Physicists bet they’re homing in on Higgs

Illinois lab issues its last word on the long-sought particle

As physicists in Europe prep for a major announcement about the long-sought Higgs particle, U.S. scientists are not going gentle into that good night. Researchers at the Fermi National Accelerator Laboratory in Illinois have squeezed out the last drop of analysis on their own data — and concluded that the Higgs, if it exists, should have a mass between 115 and 135 billion electron volts.

The now-shuttered Tevatron atom-smasher, in Illinois, smashed together protons and antiprotons to search, in part, for the long-sought Higgs particle. Fermilab

That range, reported July 2, is not substantially different from earlier reports. It fits with hints reported by the European laboratory CERN in December, which suggested the Higgs might have a mass around 125 billion electron volts (SN: 12/31/11, p. 10). A proton has a mass of around 1 billion electron volts.

The Fermilab report “is the strongest evidence of Higgs boson production at any collider,” says Dmitri Denisov, a physicist at the lab.

Still, the data aren’t strong enough to claim that the Higgs particle has been spotted. “I would be willing to bet your house, but not mine,” says Rob Roser, another Fermilab physicist.

Many physicists expect to hear convincing, or near-convincing, evidence of the Higgs’ existence on July 4, when CERN will report its latest data.

The Higgs is the last undiscovered fundamental particle in physics’ standard model, which describes the particles that make up the universe and the forces that govern their interactions. Several theorists, including the University of Edinburgh’s Peter Higgs, proposed the particle in 1964 as a signal of a field that would have slow down the motion of some elementary particles, giving them mass.

Fermilab’s data come from its now-shuttered Tevatron collider, which slammed beams of protons into their antimatter counterpart, antiprotons. Between 2001 and 2011(SN: 9/24/11, p. 22), it gathered data on 500 trillion such collisions. Each created a shower of particle debris that physicists can scour for traces of the Higgs, which if it exists would have emerged in a small fraction of collisions and then immediately decayed away into other particles.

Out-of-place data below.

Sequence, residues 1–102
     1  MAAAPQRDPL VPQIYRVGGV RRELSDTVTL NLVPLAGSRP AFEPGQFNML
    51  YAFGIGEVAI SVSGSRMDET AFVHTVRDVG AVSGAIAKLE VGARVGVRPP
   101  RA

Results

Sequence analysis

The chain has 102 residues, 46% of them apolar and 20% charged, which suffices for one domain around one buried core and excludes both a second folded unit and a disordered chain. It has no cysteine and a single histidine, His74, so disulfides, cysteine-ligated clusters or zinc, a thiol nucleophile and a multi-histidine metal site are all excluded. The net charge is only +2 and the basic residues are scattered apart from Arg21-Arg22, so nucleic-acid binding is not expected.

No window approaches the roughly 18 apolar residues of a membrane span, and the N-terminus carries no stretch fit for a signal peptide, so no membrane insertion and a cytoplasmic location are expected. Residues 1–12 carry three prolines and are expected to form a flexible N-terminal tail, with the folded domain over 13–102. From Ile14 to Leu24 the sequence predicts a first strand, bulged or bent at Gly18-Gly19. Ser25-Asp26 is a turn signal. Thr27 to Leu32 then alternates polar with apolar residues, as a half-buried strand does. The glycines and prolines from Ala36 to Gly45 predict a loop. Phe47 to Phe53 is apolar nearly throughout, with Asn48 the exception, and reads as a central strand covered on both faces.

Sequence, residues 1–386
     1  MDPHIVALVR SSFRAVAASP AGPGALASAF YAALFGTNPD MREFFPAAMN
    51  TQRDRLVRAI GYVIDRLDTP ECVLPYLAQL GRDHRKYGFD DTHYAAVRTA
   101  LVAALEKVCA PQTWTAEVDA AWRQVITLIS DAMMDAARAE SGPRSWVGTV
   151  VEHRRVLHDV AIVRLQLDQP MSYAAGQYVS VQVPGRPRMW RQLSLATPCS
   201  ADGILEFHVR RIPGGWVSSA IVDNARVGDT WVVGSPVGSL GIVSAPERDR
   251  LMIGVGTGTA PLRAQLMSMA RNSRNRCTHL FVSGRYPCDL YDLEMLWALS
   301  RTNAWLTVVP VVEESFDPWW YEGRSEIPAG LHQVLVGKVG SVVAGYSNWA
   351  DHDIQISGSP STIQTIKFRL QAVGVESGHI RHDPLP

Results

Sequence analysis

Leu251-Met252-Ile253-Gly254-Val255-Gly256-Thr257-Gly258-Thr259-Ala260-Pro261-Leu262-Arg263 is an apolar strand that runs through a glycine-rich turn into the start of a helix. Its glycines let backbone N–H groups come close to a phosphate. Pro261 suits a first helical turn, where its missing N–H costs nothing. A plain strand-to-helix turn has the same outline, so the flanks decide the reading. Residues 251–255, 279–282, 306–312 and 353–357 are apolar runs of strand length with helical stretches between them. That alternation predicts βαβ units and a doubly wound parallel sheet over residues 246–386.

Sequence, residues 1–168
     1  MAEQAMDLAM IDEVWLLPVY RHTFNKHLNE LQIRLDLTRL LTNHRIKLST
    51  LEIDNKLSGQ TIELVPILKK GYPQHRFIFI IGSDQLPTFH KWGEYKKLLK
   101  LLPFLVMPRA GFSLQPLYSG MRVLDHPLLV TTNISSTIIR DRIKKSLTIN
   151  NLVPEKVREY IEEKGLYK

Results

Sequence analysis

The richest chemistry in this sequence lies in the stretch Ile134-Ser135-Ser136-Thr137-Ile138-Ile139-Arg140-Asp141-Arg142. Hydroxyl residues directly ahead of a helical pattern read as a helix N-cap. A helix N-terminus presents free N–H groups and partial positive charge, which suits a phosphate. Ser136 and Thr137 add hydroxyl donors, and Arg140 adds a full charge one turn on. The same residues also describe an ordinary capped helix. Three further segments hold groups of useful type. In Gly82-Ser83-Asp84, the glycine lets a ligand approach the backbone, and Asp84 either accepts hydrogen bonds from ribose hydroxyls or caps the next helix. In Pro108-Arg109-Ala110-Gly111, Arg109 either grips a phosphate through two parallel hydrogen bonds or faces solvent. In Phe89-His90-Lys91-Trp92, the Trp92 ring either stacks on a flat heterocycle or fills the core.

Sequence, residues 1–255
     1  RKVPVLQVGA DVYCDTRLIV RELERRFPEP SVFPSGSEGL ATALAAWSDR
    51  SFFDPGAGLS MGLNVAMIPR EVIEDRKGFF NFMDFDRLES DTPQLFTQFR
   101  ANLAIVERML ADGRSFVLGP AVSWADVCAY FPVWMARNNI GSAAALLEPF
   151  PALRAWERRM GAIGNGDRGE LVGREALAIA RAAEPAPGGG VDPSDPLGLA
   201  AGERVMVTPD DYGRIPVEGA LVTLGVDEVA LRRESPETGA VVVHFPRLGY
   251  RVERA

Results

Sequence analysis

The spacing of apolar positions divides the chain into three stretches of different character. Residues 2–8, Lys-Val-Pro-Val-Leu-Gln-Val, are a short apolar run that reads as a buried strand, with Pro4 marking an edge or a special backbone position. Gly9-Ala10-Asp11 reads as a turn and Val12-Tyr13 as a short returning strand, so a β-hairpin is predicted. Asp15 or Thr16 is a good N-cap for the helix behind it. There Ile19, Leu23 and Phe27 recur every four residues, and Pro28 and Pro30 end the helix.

Tevatron scientists have about the same amount of data as CERN has so far, but at much lower energies. That means far fewer Higgs particles should have been produced in Illinois than in Europe. Still, data from the two main Tevatron detectors suggest that there are more particle “events” in the 115 billion to 135 billion electron volt range than one would expect if the Higgs did not exist, Fermilab scientists reported at an in-house seminar.

Further analysis from Europe should pin down whether this signal is real or not. CERN has the mother of all atom smashers: The 27-kilometer-circumference Large Hadron Collider collides protons with protons at energies never before achieved. Project scientists will present their latest findings at a CERN seminar on the morning of July 4, Geneva time, and also later in the week at a high-energy physics conference in Melbourne, Australia. Rumors are flying that the 125 GeV signal may have gotten stronger with data from CERN’s 2012 data run.

If the Higgs is found, the question turns to whether its properties match predictions made by the standard model, or whether they are slightly different. “If we do find the Higgs, we can start to play these measurements off each other and decide if we have a standard model Higgs or if there’s new physics involved,” said Fermilab physicist Eric James.

Key to the July 4 announcement will be the statistical strength of any reported Higgs signal. Separately, each of the LHC’s two main Higgs experiments may not be able to achieve the desired “five-sigma” signal, meaning the probability is less than 1 in 3.5 million that a statistical fluke could create the same signal or a more extreme one. Combined, the experiments may be able to reach that threshold. (The Tevatron analysis from its two detectors is just under three sigma, meaning the chance is 1 in 550 that a statistical fluke could create something at least as unusual.)

How long it will take, though, remains a mystery. “I can tell you 2012 is the year” to learn if the Higgs exists or not, says Tom LeCompte of Argonne National Laboratory. “I can’t tell you July is the month.”

Alexandra Witze is a contributing correspondent for Science News. Based in Boulder, Colo., Witze specializes in earth, planetary and astronomical sciences.

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